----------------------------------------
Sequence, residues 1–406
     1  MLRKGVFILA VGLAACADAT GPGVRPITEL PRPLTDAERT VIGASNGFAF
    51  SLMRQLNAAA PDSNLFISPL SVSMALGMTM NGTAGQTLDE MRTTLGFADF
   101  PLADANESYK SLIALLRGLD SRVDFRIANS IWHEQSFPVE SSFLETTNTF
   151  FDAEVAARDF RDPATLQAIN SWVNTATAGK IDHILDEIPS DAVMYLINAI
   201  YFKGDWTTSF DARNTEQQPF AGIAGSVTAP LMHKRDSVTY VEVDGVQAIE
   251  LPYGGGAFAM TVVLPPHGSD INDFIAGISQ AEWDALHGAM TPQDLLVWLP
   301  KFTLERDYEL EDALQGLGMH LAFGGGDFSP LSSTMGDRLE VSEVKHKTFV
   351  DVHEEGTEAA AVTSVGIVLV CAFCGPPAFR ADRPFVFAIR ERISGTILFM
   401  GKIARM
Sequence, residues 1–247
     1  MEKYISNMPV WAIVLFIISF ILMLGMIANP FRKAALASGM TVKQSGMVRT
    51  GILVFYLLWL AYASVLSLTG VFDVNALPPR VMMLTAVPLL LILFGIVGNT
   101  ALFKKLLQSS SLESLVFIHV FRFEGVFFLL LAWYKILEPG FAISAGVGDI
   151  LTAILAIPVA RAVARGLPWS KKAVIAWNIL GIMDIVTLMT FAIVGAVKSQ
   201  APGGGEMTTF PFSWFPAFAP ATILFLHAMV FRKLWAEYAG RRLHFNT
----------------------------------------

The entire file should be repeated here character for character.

Sequence, residues 1–406
     1  MLRKGVFILA VGLAACADAT GPGVRPITEL PRPLTDAERT VIGASNGFAF
    51  SLMRQLNAAA PDSNLFISPL SVSMALGMTM NGTAGQTLDE MRTTLGFADF
   101  PLADANESYK SLIALLRGLD SRVDFRIANS IWHEQSFPVE SSFLETTNTF
   151  FDAEVAARDF RDPATLQAIN SWVNTATAGK IDHILDEIPS DAVMYLINAI
   201  YFKGDWTTSF DARNTEQQPF AGIAGSVTAP LMHKRDSVTY VEVDGVQAIE
   251  LPYGGGAFAM TVVLPPHGSD INDFIAGISQ AEWDALHGAM TPQDLLVWLP
   301  KFTLERDYEL EDALQGLGMH LAFGGGDFSP LSSTMGDRLE VSEVKHKTFV
   351  DVHEEGTEAA AVTSVGIVLV CAFCGPPAFR ADRPFVFAIR ERISGTILFM
   401  GKIARM
Sequence, residues 1–247
     1  MEKYISNMPV WAIVLFIISF ILMLGMIANP FRKAALASGM TVKQSGMVRT
    51  GILVFYLLWL AYASVLSLTG VFDVNALPPR VMMLTAVPLL LILFGIVGNT
   101  ALFKKLLQSS SLESLVFIHV FRFEGVFFLL LAWYKILEPG FAISAGVGDI
   151  LTAILAIPVA RAVARGLPWS KKAVIAWNIL GIMDIVTLMT FAIVGAVKSQ
   201  APGGGEMTTF PFSWFPAFAP ATILFLHAMV FRKLWAEYAG RRLHFNT